CREATIVE BUSINESSES NEED HELP GETTING GOOD FINANCE
The UK’s creative industries are an economic powerhouse. It is the fastest growing sector in the last decade and, in 2016, contributed £91.8bn to the economy – this is more than the automotive, life sciences, aerospace and oil and gas sectors combined. Access to finance is more important than ever if we are to sustain this growth.
As a national body representing the sector, the Creative Industries Federation supports creative enterprises to flourish across all sectors and sizes, from those working in film and theatre to gaming and animation. Accessing external finance can form a key part of the journey. This is, however, not a simple task and from talking to creative organisations, businesses and freelancers we have identified some common challenges in accessing finance:
Looking for finance is hard work when you are small.
Some 95% of creative enterprises are micros – that is to say, they employ fewer than 10 people. In fact, the average creative firm is made up of three people and 47% of creative workers are self-employed. Without a dedicated person looking after the organisation’s finance needs, or the time to investigate available funding options, many small creative firms and freelancers find it difficult to navigate the finance landscape.
Finding the right match can be tricky.
One of the great strengths of the creative industries is its diversity. The sector is a mix of commercial businesses and non-profits, working in more than a dozen different industries and operating myriad business models and organisational forms. Each creative enterprise will also be driven by different levels of growth, ambition, risk appetite, and how ready they are to take on the demands of external finance. In all, this can make finding the right match, finance-wise, a tricky business.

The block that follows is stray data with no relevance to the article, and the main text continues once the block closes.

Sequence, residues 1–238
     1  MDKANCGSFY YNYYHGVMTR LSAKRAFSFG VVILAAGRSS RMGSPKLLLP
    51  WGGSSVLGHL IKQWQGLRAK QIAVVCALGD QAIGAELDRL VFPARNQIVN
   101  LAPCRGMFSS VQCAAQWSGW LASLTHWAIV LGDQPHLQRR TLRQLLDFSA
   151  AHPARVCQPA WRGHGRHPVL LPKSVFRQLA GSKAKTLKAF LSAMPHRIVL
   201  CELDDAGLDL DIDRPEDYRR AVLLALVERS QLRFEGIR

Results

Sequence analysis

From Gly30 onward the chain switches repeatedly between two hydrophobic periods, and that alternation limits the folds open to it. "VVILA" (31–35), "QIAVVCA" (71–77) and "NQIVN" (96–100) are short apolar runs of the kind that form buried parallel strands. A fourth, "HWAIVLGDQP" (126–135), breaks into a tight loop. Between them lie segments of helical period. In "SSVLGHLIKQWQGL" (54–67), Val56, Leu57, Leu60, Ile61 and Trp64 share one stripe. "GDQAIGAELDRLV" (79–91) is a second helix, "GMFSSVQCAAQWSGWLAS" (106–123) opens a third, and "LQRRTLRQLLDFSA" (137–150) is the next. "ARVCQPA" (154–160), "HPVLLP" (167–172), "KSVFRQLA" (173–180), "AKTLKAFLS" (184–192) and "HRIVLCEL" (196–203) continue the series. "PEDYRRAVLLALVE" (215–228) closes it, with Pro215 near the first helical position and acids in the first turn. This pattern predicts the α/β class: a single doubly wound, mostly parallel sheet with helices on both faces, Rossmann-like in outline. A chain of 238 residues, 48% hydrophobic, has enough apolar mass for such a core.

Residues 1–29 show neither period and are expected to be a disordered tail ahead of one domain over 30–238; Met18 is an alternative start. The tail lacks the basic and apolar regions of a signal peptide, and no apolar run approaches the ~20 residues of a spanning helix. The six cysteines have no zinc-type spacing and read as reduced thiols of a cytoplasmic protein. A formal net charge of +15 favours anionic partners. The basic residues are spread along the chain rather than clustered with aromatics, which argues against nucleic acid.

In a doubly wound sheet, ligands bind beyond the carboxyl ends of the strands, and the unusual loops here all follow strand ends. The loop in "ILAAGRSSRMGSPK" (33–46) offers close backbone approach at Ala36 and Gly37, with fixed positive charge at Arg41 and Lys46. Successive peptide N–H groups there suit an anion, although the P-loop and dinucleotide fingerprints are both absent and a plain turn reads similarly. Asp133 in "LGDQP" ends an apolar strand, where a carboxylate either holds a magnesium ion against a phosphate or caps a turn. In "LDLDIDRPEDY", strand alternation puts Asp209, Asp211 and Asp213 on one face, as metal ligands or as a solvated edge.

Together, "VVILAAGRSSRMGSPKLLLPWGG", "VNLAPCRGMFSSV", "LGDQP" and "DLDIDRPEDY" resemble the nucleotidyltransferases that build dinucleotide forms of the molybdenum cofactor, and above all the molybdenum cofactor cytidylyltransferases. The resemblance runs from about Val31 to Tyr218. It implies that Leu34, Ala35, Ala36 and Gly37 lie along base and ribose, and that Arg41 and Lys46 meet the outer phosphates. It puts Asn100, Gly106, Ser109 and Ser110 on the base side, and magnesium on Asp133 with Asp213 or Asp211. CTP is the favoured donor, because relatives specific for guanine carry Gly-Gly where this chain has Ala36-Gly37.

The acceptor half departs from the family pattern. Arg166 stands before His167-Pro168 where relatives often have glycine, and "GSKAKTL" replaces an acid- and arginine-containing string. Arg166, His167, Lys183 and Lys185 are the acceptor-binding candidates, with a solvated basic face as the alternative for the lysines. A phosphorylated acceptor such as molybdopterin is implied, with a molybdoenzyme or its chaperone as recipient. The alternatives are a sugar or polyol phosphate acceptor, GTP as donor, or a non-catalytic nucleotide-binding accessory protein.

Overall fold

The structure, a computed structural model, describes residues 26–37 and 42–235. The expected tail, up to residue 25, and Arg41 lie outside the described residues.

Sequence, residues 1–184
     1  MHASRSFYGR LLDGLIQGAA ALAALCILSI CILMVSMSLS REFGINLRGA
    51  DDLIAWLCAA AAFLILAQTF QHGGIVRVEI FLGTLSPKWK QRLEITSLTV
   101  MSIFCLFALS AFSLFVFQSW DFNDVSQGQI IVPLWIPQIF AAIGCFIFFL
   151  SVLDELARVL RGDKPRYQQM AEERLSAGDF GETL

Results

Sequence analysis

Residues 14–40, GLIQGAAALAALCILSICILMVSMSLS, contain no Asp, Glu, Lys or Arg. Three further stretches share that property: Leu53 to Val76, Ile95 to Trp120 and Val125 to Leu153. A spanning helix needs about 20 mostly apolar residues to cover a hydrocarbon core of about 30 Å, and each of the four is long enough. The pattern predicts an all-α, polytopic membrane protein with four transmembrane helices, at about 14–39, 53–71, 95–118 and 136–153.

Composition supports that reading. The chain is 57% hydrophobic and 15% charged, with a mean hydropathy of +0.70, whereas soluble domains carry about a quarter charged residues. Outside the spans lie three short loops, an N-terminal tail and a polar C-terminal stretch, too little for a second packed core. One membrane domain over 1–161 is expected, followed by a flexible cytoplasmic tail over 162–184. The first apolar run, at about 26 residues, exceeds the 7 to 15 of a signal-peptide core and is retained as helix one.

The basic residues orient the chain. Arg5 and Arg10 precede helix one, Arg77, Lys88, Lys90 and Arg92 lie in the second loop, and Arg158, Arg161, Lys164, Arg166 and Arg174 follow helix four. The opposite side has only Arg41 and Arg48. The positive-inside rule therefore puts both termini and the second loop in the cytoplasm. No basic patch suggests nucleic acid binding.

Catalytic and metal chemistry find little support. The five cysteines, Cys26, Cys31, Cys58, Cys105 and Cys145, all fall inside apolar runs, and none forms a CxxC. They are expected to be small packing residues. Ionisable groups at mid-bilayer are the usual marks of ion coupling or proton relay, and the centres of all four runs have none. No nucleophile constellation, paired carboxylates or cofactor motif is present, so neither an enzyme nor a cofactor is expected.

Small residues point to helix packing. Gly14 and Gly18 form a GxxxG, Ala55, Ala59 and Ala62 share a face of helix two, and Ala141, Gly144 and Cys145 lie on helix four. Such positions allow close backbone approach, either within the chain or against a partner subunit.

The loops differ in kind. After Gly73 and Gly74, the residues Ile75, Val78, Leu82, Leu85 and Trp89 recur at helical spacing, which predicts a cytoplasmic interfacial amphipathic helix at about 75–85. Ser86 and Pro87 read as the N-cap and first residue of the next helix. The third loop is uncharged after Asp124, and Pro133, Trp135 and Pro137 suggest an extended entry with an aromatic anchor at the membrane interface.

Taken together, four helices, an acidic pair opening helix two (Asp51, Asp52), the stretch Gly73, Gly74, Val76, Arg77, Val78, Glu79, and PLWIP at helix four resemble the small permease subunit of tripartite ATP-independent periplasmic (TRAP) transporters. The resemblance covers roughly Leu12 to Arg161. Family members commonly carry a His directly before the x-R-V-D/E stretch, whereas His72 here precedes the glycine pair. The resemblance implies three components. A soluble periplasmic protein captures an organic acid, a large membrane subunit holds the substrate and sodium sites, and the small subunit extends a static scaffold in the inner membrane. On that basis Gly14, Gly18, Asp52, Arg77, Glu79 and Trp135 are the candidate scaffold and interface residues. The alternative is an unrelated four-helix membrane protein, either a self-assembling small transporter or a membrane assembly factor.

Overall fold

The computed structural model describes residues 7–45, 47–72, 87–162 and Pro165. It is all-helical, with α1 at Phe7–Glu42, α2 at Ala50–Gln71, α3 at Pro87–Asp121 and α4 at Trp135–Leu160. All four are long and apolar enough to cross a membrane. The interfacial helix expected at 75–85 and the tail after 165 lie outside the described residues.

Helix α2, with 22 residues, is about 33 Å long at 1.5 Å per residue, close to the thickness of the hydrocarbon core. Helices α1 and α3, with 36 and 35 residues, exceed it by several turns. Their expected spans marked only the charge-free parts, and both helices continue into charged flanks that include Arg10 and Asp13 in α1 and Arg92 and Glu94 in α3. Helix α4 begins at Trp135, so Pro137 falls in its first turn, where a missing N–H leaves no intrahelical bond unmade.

'Creative' can be confusing.
Creative industries often face a common challenge in communicating their core business proposition, especially if the finance providers and investors are unfamiliar with the creative industries. Language (jargon!) and understanding the value of creativity, arts and culture can form barriers. For many creative people, understanding how taking on external finance may affect their ownership and control over the creative process and outputs is also an area of concern.
These are the top three issues we have identified talking to our members - but there are many more that creative enterprises face. However, we have also seen how accessing external finance has helped many creative enterprises to fulfil their potential, which is why we want to encourage others to explore whether this is the right path for them.
This is why the Creative Industries Federation has prioritised Entrepreneurship and Growth and will be speaking at the International Business Festival, on the 27 June, 3.45pm - 4.15pm, to share insights on how creative enterprises can find the right finance for them.
So, if you are a creative business or freelancer thinking about accessing external finance, come join us. We look forward to hearing your stories about what works, what doesn’t and what more can be done to support your creative ambitions.
* Navigating the World of Creative Industries Funding and Finance, Knowledge Hub, June 27, Charlotte Chung shares insight and advice on how creative enterprises can find the right support.
Charlotte Chung is deputy head of policy and research for the Creative
Industries Federation, the national membership organisation for all
the UK’s creative industries, cultural education and arts. To join or
find out more, contact [email protected]